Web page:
Small Batch: Half Sour Pickles / by Anthony Michael Contrino

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Living in NYC has it's pros and cons.  One of the biggest advantages to living here is the New York deli.  Until you go to a "delicatessen" outside of the city, you really can't appreciate just how amazing a pastrami sandwich really is.  One of my favorite places to hit up is actually in New Jersey.  Harold's Deli does everything over the top and larger than life.  Sandwiches and cake slices tower over the table.  The matzo balls are softball-sized and protrude from the broth.  The turkey platter can make your Thanksgiving offering look weak.  You get the picture.  

But, my favorite part is the self-serve pickle bar.  It's straightforward and nothing fancy.  Just some bread (so you can make normal-sized sandwiches from the mountain of meat being served) and some pickled things for topping.  My go-to is the half sour pickle.  Their vibrant green color makes them stand out from the rest of the spread.  Plus, you know, they're tasty AF.

If you're not familiar with this variation, it's because you won't find them in the pickle aisle at the supermarket, but rather the refrigerated section, probably near the cole slaw.  Because they are in a salt brine and not fully "soured" with vinegar, the shelf life is shorter, but they'll last a good couple of weeks in the fridge.  Sometimes I add the slightest bit of sugar for a hint of sweetness, but if you're looking to avoid excess sugar, omit it.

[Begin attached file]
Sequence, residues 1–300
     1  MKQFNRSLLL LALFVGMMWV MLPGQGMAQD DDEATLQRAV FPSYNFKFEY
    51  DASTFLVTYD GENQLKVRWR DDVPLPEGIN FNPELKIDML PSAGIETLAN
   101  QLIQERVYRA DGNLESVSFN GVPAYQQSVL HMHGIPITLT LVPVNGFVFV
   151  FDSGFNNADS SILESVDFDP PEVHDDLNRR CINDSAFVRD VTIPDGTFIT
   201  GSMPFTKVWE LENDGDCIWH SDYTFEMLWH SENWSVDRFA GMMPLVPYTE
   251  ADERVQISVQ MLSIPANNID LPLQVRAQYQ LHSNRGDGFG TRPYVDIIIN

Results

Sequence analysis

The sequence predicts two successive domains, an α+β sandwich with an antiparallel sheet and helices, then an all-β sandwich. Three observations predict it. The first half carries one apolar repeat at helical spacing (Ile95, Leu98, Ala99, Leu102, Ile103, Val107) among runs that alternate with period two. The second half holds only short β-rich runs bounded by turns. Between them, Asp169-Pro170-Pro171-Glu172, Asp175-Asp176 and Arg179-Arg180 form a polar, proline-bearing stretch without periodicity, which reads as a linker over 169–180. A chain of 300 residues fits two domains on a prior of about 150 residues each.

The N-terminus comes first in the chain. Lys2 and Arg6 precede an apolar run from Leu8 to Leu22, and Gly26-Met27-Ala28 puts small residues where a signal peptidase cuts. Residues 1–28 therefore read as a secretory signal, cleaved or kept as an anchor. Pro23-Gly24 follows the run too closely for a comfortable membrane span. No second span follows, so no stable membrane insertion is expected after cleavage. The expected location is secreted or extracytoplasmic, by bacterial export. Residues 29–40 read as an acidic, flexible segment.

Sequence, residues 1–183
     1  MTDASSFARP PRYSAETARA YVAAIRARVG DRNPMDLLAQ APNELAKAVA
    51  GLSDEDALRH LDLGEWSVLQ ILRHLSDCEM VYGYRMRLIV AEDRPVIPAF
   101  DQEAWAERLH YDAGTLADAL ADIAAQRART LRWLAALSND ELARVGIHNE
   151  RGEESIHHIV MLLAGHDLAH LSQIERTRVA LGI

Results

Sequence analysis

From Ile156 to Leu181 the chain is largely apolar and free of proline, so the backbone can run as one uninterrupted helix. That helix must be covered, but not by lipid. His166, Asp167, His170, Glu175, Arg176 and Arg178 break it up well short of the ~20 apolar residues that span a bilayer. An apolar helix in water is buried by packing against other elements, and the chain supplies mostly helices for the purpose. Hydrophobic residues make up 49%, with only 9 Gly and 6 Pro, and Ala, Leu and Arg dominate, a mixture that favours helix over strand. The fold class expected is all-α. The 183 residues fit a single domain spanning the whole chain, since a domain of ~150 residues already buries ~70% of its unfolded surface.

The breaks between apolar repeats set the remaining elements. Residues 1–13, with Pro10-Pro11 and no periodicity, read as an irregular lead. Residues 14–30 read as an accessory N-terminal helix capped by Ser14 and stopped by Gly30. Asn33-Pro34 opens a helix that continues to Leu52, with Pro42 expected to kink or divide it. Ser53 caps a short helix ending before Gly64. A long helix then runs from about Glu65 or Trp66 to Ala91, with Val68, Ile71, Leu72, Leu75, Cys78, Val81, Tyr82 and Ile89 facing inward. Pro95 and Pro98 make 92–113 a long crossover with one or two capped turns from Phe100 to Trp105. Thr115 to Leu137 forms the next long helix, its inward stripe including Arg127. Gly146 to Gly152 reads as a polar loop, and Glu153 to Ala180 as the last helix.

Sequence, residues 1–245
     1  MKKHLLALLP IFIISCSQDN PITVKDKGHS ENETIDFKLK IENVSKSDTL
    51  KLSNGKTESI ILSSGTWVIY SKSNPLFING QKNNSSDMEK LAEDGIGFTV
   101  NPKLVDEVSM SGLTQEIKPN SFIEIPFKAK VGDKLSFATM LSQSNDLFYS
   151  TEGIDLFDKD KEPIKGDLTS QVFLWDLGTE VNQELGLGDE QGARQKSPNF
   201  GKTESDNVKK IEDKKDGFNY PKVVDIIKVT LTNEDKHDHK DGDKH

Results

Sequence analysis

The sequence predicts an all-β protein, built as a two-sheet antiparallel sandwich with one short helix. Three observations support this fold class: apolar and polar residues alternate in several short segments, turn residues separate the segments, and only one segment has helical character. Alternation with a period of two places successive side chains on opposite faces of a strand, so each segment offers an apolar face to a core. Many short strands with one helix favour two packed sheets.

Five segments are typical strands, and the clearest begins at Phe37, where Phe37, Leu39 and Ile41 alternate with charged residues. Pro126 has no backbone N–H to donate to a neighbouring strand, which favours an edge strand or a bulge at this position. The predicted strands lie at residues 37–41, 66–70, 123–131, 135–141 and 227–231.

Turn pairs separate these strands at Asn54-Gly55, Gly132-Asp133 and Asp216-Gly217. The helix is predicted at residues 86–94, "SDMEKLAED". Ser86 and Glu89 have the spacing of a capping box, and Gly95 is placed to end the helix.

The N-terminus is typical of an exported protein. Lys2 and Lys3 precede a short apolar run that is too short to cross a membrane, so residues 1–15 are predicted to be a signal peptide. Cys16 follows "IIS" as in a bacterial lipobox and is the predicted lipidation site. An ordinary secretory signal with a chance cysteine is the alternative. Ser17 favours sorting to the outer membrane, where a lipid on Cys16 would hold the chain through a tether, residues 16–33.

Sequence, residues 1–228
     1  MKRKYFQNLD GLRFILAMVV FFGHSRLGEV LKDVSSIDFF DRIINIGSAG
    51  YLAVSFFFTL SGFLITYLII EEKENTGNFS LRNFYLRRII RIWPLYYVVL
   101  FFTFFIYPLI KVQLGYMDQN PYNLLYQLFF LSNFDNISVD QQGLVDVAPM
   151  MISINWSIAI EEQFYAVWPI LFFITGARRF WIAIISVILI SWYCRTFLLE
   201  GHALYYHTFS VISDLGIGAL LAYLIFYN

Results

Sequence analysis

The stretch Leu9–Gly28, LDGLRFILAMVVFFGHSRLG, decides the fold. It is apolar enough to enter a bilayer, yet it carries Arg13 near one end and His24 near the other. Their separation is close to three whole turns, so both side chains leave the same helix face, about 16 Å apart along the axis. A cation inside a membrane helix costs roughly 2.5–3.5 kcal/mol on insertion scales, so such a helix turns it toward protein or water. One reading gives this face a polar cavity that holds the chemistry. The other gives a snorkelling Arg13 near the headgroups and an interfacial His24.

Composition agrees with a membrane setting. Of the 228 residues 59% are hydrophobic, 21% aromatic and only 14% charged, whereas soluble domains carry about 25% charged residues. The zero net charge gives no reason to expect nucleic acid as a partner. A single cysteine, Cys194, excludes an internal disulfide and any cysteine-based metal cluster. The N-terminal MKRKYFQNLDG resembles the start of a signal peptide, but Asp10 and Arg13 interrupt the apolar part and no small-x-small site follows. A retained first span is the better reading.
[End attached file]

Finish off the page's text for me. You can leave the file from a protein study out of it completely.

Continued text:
Half Sour Pickles //  Makes 1 Quart Jar

2 cups distilled water, divided, cold

2 tbsp. kosher salt

1 tsp. sugar, optional

4 cloves garlic, with peel, smashed

2 large sprigs fresh dill

3 allspice pods

1/2 tsp. coriander seed

1/4 tsp. black peppercorns

1/4 cup yellow mustard seeds

1 fresh bay leaf

4 thick kirby cucumbers, tips removed, cut into quarters to make spears

  1. Place 1/2 cup of the water in a small saucepan with the salt, and sugar, if using.
  2. Cook over medium heat until the salt and sugar are fully dissolved.
  3. Pour the warm salt water into a pitcher and add the remaining cold water.
  4. Place the garlic, dill, spices and bay leaf in a sanitized quart-sized mason jar.
  5. Add the cucumber spears.
  6. Pour the brine into the mason jar, filling almost to the top, being sure to cover the cucumber completely.  There may be some leftover brine.
  7. Secure the lid onto the mason jar and refrigerate.
  8. The pickles will be ready to eat in as soon as 5 days.   They should be consumed within 2 weeks afterwards.  (The longer they stay in the brine, the more their flavor will intensify.)